Sunday, June 19, 2011
40 years of James Levine
Long before the Metropolitan Opera broadcast operas in HD into movie theaters there was a TV show called Live from the Met. It was still called this even after it was on tape. Many broadcasts from this series make up the material available on the Met Player. Almost always the first name in the series of names, the one indicating the conductor, is Levine. To us out in the hinterlands it looked like he conducted everything. After all these years James Levine simply is the Metropolitan Opera.
As a comment to a blog post, I was passed a link to a film on PBS about James Levine at the Metropolitan. I see that it is no longer available. I wish I could watch it again. It switched annoyingly around in the subjects, I recall. For me the most interesting parts were the ones where he is shown coaching Placido Domingo.
Levine is a great musician and a great opera conductor, but he is in every aspect of his career and life very much an American. In America we are taught that the music is all on the page. We find the "composer's wishes" by studying the page of music. The music that forms our own heritage is often quite different from the music of classical repertoire.
The part of the music that is not on the page is the part that comes from national tradition. Now Riccardo Muti, a purely Italian conductor, may indeed take it upon himself to purify a score of tradition, as he did in this DVD of Il Trovatore, but his natural Italian soul will prevent him from leaving out the traditional Italian expression.
If Levine has flaws, they lie in the area of making everything from all the different operatic traditions all sound the same.
So we see in the film Placido telling us that when he is learning a new part, he always goes to Jimmy [Levine]. Jimmy's coaching made possible his great achievement in being possibly the greatest Otello of all time. And we see Jimmy helping him work Simon Boccanegra into his voice. And what is the main criticism of Placido Domingo? He makes everything sound the same. I wrote about the Placido Domingo problem here. "He sings a lot of Italian repertoire, but isn't exactly Italian. He has always sung a lot of French opera, but isn't exactly French. Now suddenly in his old age he is a Heldentenor without ever sounding exactly German," I said. Apparently James Levine and Placido Domingo are one. Very interesting.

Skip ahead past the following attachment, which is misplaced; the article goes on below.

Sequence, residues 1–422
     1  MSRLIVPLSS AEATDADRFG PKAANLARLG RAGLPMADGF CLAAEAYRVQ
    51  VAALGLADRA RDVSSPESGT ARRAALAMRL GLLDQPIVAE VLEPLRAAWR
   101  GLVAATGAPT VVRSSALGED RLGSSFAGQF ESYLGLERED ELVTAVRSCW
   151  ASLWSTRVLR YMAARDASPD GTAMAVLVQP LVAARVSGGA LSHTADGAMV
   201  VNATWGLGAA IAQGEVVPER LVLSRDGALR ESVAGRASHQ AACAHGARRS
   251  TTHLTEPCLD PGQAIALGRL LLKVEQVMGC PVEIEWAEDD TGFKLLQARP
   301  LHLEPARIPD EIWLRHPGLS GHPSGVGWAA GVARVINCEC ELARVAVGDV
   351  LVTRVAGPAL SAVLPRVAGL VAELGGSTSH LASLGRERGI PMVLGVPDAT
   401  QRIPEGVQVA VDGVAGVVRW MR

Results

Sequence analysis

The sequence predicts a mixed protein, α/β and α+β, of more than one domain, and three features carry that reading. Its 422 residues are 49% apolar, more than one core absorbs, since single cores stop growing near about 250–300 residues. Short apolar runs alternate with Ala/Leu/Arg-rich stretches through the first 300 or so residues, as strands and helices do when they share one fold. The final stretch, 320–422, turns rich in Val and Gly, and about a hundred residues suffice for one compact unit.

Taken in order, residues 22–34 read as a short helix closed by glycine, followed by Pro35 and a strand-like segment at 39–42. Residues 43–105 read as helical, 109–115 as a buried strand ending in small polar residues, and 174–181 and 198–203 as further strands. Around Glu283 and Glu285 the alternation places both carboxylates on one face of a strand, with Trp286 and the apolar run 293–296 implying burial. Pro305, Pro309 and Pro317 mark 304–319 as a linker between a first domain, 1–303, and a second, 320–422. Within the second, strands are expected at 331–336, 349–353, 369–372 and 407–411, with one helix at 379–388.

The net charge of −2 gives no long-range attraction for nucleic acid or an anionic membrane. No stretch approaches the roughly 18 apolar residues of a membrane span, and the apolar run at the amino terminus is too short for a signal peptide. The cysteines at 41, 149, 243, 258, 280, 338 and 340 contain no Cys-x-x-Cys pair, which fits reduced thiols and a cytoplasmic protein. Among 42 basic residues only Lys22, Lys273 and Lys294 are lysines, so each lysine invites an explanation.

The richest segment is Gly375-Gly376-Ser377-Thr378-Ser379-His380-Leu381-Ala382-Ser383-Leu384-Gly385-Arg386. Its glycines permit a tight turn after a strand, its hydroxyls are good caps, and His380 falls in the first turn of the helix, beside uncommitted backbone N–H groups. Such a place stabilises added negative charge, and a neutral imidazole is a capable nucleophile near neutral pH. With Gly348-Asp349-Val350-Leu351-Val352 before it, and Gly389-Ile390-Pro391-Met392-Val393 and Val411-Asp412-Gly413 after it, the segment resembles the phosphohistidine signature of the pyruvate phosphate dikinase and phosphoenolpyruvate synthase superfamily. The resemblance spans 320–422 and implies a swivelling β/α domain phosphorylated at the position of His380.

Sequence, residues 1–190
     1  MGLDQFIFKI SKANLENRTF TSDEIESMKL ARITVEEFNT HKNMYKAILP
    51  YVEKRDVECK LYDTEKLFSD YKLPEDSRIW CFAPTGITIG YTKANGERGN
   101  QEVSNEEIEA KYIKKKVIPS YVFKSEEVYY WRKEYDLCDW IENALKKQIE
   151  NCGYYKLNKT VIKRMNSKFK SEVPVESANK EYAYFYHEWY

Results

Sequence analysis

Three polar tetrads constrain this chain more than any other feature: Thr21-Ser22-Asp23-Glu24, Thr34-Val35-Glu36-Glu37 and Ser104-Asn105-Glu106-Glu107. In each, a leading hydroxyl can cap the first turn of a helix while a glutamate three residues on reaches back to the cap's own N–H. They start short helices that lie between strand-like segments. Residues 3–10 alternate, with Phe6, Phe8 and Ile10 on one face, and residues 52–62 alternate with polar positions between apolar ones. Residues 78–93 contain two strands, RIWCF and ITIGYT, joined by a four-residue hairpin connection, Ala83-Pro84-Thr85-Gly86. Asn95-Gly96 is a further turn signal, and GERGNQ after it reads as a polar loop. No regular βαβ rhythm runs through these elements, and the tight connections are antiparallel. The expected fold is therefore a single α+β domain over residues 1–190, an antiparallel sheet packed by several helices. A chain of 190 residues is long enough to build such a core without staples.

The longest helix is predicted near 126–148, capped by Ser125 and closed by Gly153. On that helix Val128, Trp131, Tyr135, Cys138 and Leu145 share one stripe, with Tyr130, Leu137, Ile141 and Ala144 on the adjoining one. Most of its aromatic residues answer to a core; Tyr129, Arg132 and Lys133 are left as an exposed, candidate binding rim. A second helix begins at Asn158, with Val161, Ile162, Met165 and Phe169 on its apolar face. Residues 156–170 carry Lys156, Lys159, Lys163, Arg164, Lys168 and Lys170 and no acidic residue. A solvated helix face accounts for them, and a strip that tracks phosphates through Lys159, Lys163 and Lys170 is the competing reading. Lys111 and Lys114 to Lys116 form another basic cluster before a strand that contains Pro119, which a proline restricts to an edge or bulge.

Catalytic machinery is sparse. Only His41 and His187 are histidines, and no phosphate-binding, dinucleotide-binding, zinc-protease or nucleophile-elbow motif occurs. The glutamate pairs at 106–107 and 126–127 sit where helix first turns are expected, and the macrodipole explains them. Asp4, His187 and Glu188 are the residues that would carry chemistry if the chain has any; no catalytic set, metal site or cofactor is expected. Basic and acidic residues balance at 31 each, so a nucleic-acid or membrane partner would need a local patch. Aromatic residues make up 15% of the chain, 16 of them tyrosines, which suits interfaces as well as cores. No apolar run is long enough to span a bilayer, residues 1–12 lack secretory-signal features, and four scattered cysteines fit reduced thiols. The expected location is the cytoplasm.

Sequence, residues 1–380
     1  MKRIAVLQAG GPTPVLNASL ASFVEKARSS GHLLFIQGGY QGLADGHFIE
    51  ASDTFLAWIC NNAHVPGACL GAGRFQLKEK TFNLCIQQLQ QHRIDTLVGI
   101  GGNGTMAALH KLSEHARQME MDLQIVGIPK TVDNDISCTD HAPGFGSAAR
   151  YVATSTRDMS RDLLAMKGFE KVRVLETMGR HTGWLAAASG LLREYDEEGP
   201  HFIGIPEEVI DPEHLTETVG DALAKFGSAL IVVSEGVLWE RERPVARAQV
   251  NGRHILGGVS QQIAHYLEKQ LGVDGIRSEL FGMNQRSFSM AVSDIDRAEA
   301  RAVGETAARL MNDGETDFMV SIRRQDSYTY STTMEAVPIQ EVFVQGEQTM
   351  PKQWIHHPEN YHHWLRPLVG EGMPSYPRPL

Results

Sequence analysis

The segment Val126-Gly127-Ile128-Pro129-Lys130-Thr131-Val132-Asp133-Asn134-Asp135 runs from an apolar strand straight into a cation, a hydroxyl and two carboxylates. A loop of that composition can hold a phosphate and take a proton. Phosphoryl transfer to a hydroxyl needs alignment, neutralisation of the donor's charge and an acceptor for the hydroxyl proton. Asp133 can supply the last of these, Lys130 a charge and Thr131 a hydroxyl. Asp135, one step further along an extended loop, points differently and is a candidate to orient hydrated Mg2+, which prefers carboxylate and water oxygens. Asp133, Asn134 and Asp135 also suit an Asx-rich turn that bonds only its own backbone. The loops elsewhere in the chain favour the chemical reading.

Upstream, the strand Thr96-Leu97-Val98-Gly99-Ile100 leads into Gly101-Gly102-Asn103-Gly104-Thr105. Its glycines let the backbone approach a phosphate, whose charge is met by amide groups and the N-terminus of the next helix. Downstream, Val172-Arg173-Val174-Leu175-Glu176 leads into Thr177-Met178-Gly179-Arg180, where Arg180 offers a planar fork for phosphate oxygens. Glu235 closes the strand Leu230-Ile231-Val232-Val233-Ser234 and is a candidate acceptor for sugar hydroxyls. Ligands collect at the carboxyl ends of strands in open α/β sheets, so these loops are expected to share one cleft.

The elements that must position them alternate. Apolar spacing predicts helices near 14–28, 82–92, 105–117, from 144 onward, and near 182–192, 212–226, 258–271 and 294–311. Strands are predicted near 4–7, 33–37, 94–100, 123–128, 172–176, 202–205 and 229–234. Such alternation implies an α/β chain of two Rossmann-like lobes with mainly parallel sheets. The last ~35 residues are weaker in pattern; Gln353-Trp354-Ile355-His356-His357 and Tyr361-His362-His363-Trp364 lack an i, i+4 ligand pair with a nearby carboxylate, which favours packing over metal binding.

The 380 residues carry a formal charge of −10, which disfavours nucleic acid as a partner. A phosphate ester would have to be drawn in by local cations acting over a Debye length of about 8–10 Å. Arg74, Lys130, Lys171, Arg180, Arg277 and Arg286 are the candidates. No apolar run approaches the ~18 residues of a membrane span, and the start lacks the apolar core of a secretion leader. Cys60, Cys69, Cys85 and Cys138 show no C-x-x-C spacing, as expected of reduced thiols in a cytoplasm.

For me it is always about the music, and I am trying to explore that here.
Levine thinks of himself as the guardian of the past. He is carrying forward to future generations this great art of the past, specifically the past of the Metropolitan Opera.
This includes the heavy romantic sound of the orchestra applied to every era and national style.
This includes the type of loud, heavy voices that are hired for every period and genre. I want to change my mind from what I wrote here: I don't think they're amplified (maybe, maybe not). The Metropolitan Opera both chooses and trains singers to a particular type of brittle penetrating sound. This is felt to be the proper way for an opera singer to sing. The emphasis is very much on sound over style.
One of the results of this is the usual high standard in Verdi performance. Possibly it might even be said that the Metropolitan Opera sets the standard for Verdi performance. It brings power where it is needed in Verdi. There will be articles about Verdi voice, but nothing about Verdi style. People are cast into any role that fits their voice, whether or not they know anything about the style for that genre. Sometimes it works, sometimes it doesn't. The Verdi of Maria Callas and Leontyne Price is each particularly wonderful because it succeeds both as voice AND as style.
Each of these opera schools arose in particular places with particular musical cultures. It is only modern life that mixes them all together in the same institutions and blurs the distinctions until these distinctions virtually disappear.
Thus the Metropolitan Opera would make no effort to return Le comte Ory to the more authentic score.
I think this tendency to amalgamate everything into one music that takes place in large institutions like the Met is the true source of the interest in original instruments orchestras. Because they simply cannot achieve the same sound as the traditional opera or symphony orchestra, they look for the music itself in a new place. They don't just sound different; they phrase differently.
The Metropolitan Opera is about standards, and they seem generally pretty high to me. Thus the shock of out of tune horns in Rheingold. It is opera with a generic, particularly American view. Once more we are the melting pot.
I enjoy more the differences. I think once more of the completely astounding Werther at the Paris opera. I had to travel to Paris to know that this was even possible.
There is a certain inevitability to this amalgamation process, especially at the Metropolitan. In San Francisco our musical directors have come from other places. Kurt Herbert Adler conducted himself and was a German. Donald Runnicles is from Great Britain. Nicola Luisotti, the current musical director, is from Italy. They bring their national biases with them.
My personal bias is for a more diverse musical scene. I especially don't like it if all the singers sing the same. Before HD I was not as exposed to the opera product of the Metropolitan Opera. The bias toward heavy voices at the Met undoubtedly predates Levine. Beverly Sills stayed across the plaza. Elisabeth Schwarzkopf came to San Francisco in 8 different seasons before appearing in New York. Levine completely identifies with the traditional biases of the Metropolitan and actively works to preserve them.
What would be ideal for me would be quality and diversity together.
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